One question that growth of Christian communities that are taking the Benedict Option poses to Jewish communities is whether more of us should be following them – and our Orthodox brothers and sisters – into lives of greater Jewish communalism in the face of changes underway in wider society?
(And to clarify – the Benedict Option is not an alternative to living within society at large, and does not contemplate disengagement or withdrawal, but calls for communal living within the broader context of society.)
We Are Used to Being Apart
Naturally, living apart – voluntarily or otherwise – is nothing new to Jews. At times, greater communalism has served us well, strengthening the bonds that unite us as a community, serving as a barrier to assimilation. and enabling us to better address and withstand persecution from outside.
Yet at other times, communalism became insularity, leaving us out of touch with the outsider world, and simultaneously making us easier to isolate, attack, and even (as in the Holocaust) exterminate.
There is an argument to be made that despite the dangers implicit in spreading ourselves among the goyim in the Diaspora (intermarriage, assimilation), there is the virtue of keeping us engaged, keeping us from being easily targeted.
But when being close to the goyim stops serving our purposes – when being a physical part of a wider, interfaith community leaves us cut off from the rest of our people and subject to harassment or worse, the attractions of communalism begin to eclipse the risks.
This is Urgent in Europe
We are probably not yet at the point in America where we are better off in our own communities. Many countries in Europe, however are in a different place. When we look across the Atlantic to our tribesmen and women in Europe, the trend in France, Germany, and other European nations appears to be to institute restrictions and condone public behavior that combine to make living among non-Jews increasingly challenging.
The choice is becoming stark: draw away from the wider population and form communities that combine physical proximity with strong support institutions; or emigrate. European Jews need to engage in country-by-country discussions about how they can continue living in a post-modern Europe, before weariness of persecution or outright fear drive them to Israel or America.
What about the U.S.?
In the United States, at the very least we need to avoid being boiled frogs. American Jews, particularly those of us who do not presently live frum lives, should begin discussing at what point it makes sense for us to start basing our decisions about where to live on the proximity to strong Jewish communities, and when it would make sense to reinforce and extend the our communal institutions to better support us in a changing world.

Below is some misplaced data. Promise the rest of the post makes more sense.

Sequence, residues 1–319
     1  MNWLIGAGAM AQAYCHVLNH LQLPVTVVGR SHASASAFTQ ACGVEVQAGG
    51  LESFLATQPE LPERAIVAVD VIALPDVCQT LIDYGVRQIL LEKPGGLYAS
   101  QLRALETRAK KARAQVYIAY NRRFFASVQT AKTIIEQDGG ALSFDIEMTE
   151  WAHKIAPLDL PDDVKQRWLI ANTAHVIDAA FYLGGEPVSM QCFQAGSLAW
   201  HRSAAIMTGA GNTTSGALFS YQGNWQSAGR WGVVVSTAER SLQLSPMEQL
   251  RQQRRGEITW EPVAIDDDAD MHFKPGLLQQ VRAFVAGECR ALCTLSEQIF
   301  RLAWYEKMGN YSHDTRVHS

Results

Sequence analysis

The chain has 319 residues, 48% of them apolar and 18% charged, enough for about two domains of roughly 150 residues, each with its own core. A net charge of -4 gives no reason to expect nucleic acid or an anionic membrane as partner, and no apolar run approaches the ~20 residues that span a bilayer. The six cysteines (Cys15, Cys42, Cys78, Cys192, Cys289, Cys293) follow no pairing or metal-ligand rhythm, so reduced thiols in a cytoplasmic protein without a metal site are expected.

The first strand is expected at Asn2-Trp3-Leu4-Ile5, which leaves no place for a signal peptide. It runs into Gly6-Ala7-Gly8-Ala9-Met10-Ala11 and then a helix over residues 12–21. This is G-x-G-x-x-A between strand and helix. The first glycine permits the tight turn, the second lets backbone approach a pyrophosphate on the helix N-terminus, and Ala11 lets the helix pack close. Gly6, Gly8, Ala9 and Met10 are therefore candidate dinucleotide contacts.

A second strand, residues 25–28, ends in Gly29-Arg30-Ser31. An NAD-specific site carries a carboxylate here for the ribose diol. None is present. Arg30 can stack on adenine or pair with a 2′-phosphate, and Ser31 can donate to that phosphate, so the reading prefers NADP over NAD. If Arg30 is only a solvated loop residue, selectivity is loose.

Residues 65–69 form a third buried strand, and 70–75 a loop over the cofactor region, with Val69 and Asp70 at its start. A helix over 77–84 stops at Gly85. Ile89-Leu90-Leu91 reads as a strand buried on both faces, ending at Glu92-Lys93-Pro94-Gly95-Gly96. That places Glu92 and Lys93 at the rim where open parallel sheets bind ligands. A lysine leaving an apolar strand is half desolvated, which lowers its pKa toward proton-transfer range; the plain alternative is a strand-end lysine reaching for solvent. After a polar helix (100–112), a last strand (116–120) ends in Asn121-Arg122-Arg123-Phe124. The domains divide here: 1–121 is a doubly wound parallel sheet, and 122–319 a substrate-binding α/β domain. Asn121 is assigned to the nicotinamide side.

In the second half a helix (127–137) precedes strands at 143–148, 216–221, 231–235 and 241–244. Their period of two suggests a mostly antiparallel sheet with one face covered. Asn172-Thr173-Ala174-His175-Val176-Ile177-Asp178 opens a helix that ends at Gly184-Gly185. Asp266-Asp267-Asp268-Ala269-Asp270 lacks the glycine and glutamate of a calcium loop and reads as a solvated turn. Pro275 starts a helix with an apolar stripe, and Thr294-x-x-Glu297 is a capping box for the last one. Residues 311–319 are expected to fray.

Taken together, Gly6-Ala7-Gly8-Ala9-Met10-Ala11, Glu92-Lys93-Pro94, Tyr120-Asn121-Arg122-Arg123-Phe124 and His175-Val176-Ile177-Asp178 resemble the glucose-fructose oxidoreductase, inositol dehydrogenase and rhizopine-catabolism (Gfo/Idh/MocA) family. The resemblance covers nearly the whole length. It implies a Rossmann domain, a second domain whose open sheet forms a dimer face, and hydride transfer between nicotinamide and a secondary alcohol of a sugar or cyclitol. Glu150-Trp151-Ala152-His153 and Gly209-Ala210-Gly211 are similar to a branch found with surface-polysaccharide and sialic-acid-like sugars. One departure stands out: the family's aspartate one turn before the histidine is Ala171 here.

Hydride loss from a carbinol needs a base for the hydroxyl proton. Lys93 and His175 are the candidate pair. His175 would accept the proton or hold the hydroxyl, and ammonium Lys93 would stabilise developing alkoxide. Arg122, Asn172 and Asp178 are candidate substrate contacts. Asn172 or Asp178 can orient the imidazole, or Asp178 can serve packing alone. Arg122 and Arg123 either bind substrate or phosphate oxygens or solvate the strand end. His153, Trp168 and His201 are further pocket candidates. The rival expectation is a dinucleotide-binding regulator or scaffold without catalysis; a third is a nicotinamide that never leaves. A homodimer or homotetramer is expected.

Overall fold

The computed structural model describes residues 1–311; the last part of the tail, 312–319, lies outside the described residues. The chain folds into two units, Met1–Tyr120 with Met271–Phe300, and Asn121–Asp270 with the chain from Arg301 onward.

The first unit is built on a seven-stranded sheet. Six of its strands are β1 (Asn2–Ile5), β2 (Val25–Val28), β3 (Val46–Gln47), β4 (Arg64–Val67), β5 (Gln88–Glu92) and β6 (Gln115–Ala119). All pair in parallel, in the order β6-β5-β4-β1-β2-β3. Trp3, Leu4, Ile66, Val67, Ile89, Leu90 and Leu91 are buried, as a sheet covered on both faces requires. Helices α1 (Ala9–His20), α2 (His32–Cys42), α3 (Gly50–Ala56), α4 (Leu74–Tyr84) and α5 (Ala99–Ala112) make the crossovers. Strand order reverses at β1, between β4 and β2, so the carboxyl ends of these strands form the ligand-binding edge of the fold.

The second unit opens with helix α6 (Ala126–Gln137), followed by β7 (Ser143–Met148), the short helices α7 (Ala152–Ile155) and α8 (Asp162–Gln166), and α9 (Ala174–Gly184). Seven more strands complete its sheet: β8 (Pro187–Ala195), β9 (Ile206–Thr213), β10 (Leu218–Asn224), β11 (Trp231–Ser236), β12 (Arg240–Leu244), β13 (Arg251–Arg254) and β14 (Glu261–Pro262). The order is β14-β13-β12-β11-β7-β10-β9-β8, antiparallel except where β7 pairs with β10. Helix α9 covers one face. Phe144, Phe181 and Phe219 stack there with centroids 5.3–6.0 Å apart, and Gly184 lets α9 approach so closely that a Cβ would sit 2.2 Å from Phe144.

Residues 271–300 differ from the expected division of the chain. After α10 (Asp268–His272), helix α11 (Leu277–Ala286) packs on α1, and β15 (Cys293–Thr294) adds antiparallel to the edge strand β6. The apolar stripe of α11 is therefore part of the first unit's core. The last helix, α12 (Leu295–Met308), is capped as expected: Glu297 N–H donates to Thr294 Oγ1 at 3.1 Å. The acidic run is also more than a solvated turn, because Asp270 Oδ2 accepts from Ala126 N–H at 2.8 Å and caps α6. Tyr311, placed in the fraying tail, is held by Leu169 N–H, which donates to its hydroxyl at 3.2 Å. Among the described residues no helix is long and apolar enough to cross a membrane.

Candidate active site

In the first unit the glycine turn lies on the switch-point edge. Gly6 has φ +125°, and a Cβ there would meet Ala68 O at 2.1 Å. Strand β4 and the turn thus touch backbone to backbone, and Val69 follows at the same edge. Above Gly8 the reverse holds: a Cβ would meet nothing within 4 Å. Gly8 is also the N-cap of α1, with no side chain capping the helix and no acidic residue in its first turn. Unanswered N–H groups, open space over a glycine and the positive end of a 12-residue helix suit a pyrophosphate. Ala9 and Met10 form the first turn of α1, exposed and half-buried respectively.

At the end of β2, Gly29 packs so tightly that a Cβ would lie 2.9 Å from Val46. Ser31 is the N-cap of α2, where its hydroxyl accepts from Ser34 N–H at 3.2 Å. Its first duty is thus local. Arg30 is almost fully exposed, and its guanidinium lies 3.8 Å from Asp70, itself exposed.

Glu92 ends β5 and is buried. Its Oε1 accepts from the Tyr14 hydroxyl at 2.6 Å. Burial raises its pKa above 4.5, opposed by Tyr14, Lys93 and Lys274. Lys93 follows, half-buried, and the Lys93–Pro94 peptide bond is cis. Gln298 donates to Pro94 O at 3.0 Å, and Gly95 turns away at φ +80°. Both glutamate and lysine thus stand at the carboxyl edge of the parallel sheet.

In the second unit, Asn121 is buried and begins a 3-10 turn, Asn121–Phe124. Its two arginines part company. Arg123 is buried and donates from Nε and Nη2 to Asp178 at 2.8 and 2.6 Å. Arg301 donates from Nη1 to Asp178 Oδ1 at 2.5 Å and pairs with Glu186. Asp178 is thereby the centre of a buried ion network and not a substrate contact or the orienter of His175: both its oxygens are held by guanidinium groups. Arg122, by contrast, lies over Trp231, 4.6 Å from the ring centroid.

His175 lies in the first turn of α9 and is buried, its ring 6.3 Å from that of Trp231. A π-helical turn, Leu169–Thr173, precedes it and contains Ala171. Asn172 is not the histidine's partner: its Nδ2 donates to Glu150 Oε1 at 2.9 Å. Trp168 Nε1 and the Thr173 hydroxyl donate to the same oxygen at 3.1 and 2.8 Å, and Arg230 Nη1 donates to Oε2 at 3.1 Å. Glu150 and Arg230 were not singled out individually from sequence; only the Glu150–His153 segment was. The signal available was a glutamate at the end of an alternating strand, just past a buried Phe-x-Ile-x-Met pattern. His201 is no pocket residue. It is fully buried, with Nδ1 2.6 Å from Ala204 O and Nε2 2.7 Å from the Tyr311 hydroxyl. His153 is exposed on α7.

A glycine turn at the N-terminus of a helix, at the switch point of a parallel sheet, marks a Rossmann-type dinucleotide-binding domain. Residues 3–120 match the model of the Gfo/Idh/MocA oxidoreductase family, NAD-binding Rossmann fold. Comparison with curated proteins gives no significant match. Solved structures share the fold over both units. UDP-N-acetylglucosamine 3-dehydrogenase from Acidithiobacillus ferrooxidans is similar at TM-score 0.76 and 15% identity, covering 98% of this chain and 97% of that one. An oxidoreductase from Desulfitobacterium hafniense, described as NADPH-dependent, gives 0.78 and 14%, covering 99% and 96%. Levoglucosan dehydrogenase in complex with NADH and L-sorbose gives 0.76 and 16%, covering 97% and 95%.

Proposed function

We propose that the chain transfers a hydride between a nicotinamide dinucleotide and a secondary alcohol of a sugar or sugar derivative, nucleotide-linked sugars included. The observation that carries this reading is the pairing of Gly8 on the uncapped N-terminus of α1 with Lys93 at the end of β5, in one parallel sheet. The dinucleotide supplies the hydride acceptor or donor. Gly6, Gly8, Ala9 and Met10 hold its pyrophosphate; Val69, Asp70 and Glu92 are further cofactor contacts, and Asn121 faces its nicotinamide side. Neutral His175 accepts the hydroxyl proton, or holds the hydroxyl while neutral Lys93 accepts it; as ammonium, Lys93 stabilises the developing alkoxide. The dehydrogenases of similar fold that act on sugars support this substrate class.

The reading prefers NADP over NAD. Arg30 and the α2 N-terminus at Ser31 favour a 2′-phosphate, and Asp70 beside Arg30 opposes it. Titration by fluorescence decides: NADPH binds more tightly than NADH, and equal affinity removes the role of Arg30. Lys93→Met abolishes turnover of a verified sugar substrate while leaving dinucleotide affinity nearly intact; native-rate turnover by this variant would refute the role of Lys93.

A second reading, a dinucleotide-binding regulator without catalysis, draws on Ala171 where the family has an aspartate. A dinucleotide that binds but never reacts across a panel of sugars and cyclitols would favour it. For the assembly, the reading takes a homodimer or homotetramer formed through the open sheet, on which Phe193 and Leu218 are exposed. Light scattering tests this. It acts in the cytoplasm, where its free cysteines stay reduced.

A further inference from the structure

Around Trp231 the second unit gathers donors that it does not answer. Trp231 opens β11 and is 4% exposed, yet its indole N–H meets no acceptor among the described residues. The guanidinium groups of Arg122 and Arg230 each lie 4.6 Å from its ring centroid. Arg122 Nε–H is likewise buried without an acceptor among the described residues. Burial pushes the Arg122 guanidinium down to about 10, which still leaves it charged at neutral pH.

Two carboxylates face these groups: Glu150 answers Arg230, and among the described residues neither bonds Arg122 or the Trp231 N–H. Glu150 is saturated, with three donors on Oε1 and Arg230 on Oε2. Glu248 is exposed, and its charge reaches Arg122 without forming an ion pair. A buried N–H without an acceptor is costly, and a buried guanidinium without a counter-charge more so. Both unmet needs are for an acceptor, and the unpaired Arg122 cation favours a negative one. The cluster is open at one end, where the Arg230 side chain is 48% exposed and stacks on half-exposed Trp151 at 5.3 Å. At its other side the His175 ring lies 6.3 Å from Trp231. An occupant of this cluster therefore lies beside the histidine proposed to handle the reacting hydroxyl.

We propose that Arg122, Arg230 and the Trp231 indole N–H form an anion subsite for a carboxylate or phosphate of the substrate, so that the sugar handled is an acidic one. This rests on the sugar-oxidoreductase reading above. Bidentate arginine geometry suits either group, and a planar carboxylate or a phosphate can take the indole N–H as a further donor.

We do not have to surrender our practices in order to cleave closer to the observant community, and to broaden the role of our community institutions. Nor am I asking the Charedim to invite Reform Jews to live among them. I am simply suggesting that we will survive against the coming storms only if we are one people, a community of communities, a “Kehillat Godol.”
And we do have to start responding as a community to movements in wider society that threaten our ability to practice our faith in accordance with Jewish law and tradition. Vegetarian Jews must recognize a commonality of interest with their omnivorous tribesmen on questions of shechita. Public education advocates among us should also support measures that make Jewish education accessible to those who choose it. We should all take a stand against efforts to criminalize practices that lie at the core of our faith, including circumcision.
And it behooves us to watch out for other potential challenges to our faith, whether in the form of institutional anti-Semitism, the toleration of exclusionary practices or persecution, or efforts by outsiders to make Jewish practice illegal.
At the very least, we should consider whether we have allowed certain practices and institutions in our communities to whither, and whether it is time to return to a policy of more actively supporting them.
History has proven that as we live in nations aside from our own, the strongest guarantee of our continued safety and prosperity lies in the construction of strong communities and institutions. We don’t need to adopt the “Benedict Option:” we created it. We simply need to return to the time-honored practices that have served to shield our communities, our faith, our families, and ourselves from the vagaries of a non-Jewish world.
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